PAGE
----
CENDICE in detecting suspicious behaviors in real and simulated settings? How does it perform in comparison to prior works? Q2.
Conclusion
  • The authors tackled the problem of scoring and discovering suspicious behavior in multi-attribute entity data.
  • The authors construe this data as a multi-view graph, and formulate this task in terms of mining suspiciously dense multi-view subgraphs (MVSGs).
  • The authors proposed the SLICENDICE algorithm, which enables scalable ranking and discovery of MVSGs suspicious according to the metric, and discussed practical implementation details which help result relevance and computational efficiency.
  • The authors demonstrated strong empirical results, including experiments on real data from the Snapchat advertiser platform where the authors achieved 89% precision over 2.7K organizations and uncovered numerous fraudulent advertiser rings, consistently high precision/recall and outperformance of several state-of-the-art group mining algorithms, and linear scalability
Summary
  • Introduction:

    Online services and social networks (Snapchat, Quora, Amazon, etc.) have become common means of engagement in human activities including socialization, information sharing and commerce
  • Given their dissemination power and reach, they have been long-exploited by bad actors looking to manipulate user perception, spread misinformation, and falsely promote bad content.
  • Given the ever-increasing multitude of new abuse vectors, application-specific anti-abuse solutions and rich labeled sets are not always feasible or timely, motivating research towards flexible, unsupervised methods
  • Objectives:

    In order to find a highly suspicious group of entities, the authors aim to optimize the view set and node set selection via the UPDATEVIEWS and UPDATENODES methods.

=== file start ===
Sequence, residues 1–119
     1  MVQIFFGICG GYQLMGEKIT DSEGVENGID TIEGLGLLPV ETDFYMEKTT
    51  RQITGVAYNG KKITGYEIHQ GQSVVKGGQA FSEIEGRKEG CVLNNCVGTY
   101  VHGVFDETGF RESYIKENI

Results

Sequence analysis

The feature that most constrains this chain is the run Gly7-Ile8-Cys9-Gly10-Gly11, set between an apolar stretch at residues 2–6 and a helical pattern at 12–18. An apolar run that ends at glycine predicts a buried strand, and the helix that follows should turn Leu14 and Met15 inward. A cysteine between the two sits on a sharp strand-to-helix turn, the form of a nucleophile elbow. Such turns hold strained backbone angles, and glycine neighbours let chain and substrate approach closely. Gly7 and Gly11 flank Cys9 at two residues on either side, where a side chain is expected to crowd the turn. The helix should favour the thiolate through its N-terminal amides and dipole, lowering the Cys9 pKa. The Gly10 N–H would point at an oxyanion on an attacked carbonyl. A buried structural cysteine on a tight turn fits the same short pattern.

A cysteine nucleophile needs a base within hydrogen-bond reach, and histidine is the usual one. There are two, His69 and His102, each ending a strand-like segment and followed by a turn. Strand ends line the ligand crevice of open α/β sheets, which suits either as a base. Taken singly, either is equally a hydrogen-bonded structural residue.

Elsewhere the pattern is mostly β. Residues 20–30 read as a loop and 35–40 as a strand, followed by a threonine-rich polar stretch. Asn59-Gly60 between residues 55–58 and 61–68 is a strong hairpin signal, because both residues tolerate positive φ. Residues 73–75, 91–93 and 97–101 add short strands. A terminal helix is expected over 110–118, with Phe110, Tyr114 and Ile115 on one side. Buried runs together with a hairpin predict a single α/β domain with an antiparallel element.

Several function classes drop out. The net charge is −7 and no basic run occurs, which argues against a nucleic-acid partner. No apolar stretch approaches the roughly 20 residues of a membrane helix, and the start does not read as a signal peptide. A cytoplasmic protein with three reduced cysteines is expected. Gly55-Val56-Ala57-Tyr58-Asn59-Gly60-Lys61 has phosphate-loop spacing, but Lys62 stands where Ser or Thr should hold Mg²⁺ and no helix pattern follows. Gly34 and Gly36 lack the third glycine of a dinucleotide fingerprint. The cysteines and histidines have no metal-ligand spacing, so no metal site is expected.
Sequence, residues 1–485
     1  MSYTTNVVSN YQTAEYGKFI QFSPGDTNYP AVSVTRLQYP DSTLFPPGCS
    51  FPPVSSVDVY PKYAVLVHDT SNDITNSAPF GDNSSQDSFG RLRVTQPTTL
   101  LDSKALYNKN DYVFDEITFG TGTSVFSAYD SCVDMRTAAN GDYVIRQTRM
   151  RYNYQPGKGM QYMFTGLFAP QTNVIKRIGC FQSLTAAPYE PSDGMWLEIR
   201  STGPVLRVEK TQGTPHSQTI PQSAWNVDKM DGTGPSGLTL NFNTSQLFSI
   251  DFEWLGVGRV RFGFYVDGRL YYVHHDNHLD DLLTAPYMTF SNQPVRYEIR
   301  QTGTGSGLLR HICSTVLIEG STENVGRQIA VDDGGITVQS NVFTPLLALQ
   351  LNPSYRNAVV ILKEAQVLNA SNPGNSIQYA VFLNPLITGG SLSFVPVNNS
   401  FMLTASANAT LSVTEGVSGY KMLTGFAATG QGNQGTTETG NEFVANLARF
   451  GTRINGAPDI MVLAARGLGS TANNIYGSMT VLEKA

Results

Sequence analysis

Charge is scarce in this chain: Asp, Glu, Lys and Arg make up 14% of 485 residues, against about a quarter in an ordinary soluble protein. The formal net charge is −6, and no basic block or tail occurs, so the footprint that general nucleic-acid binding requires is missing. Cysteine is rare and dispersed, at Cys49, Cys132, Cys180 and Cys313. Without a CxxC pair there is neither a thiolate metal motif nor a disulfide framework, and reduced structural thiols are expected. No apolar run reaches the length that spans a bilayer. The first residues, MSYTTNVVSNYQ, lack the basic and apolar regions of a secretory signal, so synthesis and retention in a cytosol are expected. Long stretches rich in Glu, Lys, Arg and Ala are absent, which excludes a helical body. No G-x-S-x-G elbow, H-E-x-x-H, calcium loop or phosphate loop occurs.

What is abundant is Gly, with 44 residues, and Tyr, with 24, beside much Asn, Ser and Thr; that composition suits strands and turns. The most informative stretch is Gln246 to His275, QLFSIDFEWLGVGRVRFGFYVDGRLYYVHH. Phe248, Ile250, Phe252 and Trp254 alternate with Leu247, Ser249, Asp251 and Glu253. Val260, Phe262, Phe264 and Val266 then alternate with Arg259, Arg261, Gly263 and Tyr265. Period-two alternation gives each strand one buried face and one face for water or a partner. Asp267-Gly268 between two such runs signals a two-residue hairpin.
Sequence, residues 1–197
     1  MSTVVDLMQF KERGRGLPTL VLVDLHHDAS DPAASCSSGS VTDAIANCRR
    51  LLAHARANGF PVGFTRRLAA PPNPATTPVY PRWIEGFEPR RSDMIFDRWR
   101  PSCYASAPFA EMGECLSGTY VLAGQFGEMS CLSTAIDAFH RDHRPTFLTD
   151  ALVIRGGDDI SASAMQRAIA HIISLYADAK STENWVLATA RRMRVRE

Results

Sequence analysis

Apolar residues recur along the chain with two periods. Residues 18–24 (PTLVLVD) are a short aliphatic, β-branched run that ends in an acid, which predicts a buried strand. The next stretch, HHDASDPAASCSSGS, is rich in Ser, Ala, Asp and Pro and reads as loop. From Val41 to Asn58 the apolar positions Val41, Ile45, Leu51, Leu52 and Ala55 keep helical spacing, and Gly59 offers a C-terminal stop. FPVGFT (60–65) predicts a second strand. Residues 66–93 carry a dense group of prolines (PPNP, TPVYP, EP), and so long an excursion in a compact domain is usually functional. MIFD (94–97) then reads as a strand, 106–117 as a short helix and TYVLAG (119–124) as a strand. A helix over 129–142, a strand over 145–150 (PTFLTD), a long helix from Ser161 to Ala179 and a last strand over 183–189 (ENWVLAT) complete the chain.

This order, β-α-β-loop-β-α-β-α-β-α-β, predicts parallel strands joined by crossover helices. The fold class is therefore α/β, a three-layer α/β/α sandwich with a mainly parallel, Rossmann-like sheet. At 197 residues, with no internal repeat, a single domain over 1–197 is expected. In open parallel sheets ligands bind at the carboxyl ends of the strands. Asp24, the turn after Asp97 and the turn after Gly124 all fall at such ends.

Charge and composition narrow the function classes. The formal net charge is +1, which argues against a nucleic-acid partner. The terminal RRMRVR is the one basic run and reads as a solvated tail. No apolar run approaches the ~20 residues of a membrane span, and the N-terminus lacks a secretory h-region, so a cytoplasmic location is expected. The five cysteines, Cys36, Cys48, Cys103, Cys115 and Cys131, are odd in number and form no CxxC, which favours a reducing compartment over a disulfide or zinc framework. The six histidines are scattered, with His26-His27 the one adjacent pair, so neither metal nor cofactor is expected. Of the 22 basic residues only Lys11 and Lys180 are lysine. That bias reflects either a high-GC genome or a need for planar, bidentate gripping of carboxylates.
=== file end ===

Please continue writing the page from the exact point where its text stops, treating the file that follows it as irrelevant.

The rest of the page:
• The authors aim to sample views in a weighted fashion, favoring those in which overlap occurs less frequently.
  • The authors' detection task is to classify each attribute overlap as suspicious or non-suspicious; the authors aim to label each nonzero entry (“behavior”) in the resulting N × N × K tensor
  • Results:

    The authors' experiments aim to answer the following questions. Q1. Detection performance: How effective is SLI-

    CENDICE in detecting suspicious behaviors in real and simulated settings? How does it perform in comparison to prior works? Q2.
  • Conclusion:

    The authors tackled the problem of scoring and discovering suspicious behavior in multi-attribute entity data.
  • The authors construe this data as a multi-view graph, and formulate this task in terms of mining suspiciously dense multi-view subgraphs (MVSGs).
  • The authors proposed the SLICENDICE algorithm, which enables scalable ranking and discovery of MVSGs suspicious according to the metric, and discussed practical implementation details which help result relevance and computational efficiency.
  • The authors demonstrated strong empirical results, including experiments on real data from the Snapchat advertiser platform where the authors achieved 89% precision over 2.7K organizations and uncovered numerous fraudulent advertiser rings, consistently high precision/recall and outperformance of several state-of-the-art group mining algorithms, and linear scalability
Tables
  • Table1: Frequently used symbols and definitions
  • Table2: Comparison with alternative metrics
Download tables as Excel
Related work